As we begin to compile these resources, what are some you’d recommend? The more current and specific, the better. General websites and blogs about social media are great, but an article titled “16 Ways YouTube Won’t Help You Grow Your Business” is better.*

Here’s a good starting point for getting familiar with the tools we’re talking about: Brian Solis’ Conversation Prism (the latest version of the prism can be viewed here). This is a consistently updated graphical representation of social media tools by category, useful for comparing tools within each category, but brilliant for exploring the purpose of one type of tool versus another.

* This article has never been written, to our knowledge, but it certainly ought to be!

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Stop tagging me, Dad!

The statistics Nate reflected on earlier this week should come as no surprise to those of us in our mid-twenties who have found ourselves, of late, frantically untagging Facebook photos posted by our parents in which we look unspeakably hideous and embarrassing. Yes, it’s inescapable – “old people” are on Facebook now. Related discussion of the generation gap among Facebook users (and reactions from some “old people” themselves!) has been ongoing this week at The XX Factor.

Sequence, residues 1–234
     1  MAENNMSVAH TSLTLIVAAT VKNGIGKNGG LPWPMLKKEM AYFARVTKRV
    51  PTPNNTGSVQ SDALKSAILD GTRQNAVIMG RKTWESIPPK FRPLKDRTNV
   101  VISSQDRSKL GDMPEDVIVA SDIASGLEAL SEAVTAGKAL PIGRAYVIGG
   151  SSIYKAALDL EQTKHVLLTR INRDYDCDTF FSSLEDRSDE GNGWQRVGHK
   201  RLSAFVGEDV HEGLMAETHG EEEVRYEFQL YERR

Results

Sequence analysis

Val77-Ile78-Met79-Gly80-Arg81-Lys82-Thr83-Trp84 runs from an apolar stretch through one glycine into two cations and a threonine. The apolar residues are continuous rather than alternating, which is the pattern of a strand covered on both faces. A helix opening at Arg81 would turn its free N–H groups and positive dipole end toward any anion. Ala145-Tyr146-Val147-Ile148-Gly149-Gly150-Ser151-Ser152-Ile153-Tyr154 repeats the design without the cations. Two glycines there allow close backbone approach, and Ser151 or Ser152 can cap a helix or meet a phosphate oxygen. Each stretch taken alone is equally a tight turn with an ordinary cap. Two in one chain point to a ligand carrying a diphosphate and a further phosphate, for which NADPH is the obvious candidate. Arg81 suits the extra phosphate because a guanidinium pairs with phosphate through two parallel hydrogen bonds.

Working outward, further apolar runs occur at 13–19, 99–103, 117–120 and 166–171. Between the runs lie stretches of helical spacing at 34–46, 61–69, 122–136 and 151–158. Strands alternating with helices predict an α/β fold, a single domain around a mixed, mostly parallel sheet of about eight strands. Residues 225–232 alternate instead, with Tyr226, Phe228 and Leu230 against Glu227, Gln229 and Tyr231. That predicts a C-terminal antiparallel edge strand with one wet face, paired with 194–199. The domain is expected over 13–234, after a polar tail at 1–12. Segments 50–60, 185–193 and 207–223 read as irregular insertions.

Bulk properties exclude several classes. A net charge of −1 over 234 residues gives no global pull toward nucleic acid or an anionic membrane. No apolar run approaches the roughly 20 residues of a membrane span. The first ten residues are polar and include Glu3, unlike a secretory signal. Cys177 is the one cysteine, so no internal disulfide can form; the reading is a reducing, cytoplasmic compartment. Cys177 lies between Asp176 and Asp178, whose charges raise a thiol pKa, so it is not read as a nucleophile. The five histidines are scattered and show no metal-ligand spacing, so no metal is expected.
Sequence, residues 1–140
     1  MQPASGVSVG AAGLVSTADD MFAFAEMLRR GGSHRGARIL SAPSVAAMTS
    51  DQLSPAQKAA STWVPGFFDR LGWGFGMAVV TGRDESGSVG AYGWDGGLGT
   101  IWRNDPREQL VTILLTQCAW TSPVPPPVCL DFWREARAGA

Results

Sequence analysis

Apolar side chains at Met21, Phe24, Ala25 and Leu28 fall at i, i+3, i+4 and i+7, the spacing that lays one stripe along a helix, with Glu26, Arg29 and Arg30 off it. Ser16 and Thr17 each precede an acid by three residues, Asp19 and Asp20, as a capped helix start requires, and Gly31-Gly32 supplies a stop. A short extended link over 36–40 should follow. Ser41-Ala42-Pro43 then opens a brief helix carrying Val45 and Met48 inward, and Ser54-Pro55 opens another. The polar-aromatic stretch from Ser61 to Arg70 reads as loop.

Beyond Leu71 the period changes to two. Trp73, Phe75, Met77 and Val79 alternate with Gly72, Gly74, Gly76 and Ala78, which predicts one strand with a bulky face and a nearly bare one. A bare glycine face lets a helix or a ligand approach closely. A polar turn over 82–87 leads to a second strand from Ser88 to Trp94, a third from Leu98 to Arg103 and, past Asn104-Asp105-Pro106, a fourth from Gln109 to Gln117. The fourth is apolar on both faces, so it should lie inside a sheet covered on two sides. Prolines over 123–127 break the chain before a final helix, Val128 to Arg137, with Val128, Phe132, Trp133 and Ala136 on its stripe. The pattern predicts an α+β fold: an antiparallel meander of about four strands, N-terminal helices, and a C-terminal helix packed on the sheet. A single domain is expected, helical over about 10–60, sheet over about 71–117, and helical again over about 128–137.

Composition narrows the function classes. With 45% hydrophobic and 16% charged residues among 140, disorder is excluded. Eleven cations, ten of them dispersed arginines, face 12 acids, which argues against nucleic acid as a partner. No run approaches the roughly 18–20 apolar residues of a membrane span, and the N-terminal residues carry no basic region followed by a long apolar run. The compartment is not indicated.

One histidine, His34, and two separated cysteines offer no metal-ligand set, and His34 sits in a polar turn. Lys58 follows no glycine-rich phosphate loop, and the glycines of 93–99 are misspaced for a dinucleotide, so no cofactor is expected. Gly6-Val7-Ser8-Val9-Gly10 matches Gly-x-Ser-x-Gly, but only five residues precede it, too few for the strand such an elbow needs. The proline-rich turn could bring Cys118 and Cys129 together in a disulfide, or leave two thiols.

My own Facebook nightmare arrived late in the game… it was barely two months ago that I suggested to my father, jokingly, that he should be on Facebook. My fiancĂ©’s parents are on Facebook, I explained, and it’s adorable! His immediate reaction was begrudging consideration. “I just don’t know what I would use it for.”

Within two hours my dad had posted his first Facebook photo album: Fish I Have Killed, the contents of which are exactly what you’re imagining. Within 24 hours my stepmom had a Facebook account, then my two aunts, then a variety of my parents’ friends and neighbors, all posting on each other’s walls with wild joy and abandon… and intense frequency.

Then came the mortification. Photo albums filled with family pictures of me at my most awkward, worst-dressed, and ill-maintained – all several years old and now at the top of Facebook’s “Photos of Me,” flouting proper chronology and pushing more current, flattering photos down the queue, provoking both my vanity and obsessive-compulsion in one fell swoop! Come ON, Dad!